How to start a watchmaking business

Tap into the demand for fashion accessories by opening a watchmaking company.

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If you enjoy tinkering with watches, have you considered making it a business? Watches remain a popular fashion accessory and with the growth of online shopping sites, you could find a global market for your designs. Read on to see what you need to start a watchmaking business.

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What skills, knowledge or requirements do I need to start a watchmaking business?

Watchmaking is precision metal work that requires attention to detail and skill with small hand tools. An artistic talent for watch design and the ability to repair broken watches are also important.

Aside from knowledge about watchmaking, you will also need entrepreneurial skills to run the business, including your marketing, budgeting, administration, sales and management.

What courses or qualifications do I need to complete?

female watchmaker at work

You can become a watchmaker by taking an apprenticeship or studying a course such as the Certificate III Watch and Clock Service and Repair at TAFE NSW. The two-year part-time course costs $13,310, although you may be eligible for a fee-free apprenticeship that costs $2,000.

If you do not have experience in running a business, you can study a business course online to learn the fundamentals.


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    Equipment and software needed to start a watchmaking business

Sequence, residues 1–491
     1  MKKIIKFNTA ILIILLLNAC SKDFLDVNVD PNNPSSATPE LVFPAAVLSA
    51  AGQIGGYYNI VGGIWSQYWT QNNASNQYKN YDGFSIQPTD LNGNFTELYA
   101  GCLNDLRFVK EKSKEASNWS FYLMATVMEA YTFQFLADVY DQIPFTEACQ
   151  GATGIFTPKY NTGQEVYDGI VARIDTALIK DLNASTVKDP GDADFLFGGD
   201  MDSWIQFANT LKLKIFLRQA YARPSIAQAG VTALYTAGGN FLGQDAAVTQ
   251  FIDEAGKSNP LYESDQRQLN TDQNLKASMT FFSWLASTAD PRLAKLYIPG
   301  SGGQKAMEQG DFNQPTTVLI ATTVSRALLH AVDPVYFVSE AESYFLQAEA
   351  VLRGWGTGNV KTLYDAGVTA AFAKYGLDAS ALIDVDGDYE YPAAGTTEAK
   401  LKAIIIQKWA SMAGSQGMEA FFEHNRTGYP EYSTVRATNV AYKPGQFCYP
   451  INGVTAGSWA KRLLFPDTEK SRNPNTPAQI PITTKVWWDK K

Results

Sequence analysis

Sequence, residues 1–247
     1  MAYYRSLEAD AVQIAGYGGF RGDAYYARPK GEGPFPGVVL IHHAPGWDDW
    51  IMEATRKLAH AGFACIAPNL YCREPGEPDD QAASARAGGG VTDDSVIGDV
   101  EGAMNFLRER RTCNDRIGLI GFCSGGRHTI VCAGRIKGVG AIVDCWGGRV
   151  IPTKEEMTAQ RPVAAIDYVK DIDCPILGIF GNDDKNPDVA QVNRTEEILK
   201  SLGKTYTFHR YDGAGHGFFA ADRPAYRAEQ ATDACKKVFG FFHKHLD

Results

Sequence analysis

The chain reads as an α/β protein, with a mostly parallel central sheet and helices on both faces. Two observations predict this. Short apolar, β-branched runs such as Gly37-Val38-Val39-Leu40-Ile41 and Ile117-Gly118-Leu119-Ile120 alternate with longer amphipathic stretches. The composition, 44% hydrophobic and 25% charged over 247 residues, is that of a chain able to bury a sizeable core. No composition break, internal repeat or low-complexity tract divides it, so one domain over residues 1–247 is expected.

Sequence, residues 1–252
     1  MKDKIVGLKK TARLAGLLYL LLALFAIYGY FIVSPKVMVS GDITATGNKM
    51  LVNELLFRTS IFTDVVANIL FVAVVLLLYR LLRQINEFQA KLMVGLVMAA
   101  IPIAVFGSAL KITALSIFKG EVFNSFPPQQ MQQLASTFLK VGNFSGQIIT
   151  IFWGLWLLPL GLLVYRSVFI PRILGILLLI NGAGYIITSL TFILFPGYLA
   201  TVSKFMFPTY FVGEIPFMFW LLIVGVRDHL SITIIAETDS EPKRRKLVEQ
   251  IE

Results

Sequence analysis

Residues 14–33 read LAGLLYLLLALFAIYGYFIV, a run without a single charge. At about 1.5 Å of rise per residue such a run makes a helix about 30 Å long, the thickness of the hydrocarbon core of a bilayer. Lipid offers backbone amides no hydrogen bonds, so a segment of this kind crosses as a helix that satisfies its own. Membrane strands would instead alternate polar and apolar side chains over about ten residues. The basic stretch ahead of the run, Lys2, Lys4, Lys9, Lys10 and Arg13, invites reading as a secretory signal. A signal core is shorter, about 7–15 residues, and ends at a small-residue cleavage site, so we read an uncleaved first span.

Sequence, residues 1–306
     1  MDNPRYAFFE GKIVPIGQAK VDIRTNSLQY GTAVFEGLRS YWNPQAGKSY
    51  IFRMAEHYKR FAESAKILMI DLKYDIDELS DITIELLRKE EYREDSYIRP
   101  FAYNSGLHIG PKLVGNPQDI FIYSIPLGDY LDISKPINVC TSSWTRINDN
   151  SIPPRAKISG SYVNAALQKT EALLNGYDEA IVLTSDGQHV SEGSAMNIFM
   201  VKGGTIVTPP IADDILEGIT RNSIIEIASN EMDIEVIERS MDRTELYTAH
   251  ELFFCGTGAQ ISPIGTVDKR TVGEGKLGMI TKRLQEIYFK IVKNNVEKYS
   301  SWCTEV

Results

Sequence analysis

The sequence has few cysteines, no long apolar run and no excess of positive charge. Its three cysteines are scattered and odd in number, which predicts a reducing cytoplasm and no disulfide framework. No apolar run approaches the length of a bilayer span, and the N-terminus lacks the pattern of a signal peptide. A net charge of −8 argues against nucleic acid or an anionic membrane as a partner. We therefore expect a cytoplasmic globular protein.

To assemble and repair watches, you will need a kit that contains:

    • Magnifying loupe
    • Screwdrivers
    • Tweezers
    • Movement holder
    • Watch straps
    • Watch components

    To run your business, you will need a computer and software that will allow you to keep track of inventory, invoices, expenses and marketing. If you decide to set up a website to promote your business you will need a domain name and web hosting package, or you may choose to hire a web designer to handle it for you.

    What business structures do I need to consider before starting a watchmaking business?

    To register your business you need to choose the most appropriate legal structure for your business model. For watchmaking, you are likely to operate as either a sole trader or partnership.

    Sole trader

    If you will be the only person in the business you can register as a sole trader. You will be entirely responsible for taxes, debt and losses. It's one of the simplest business models to set up and manage.


    If you will be running the business with another person, you should register as a partnership. This divides the responsibilities, assets and liabilities of the business between you.

    Once you have decided on the business structure you need to come up with a memorable name for your watch brand and register for an Australian Business Number (ABN), which identifies the business with government agencies for tax and administrative purposes.

    While starting a new business is exciting, before you get stuck in you should make sure you have the necessary legal documents in place. These will protect the business in case there are problems in the future.

    Some of the documents you may want to organise include: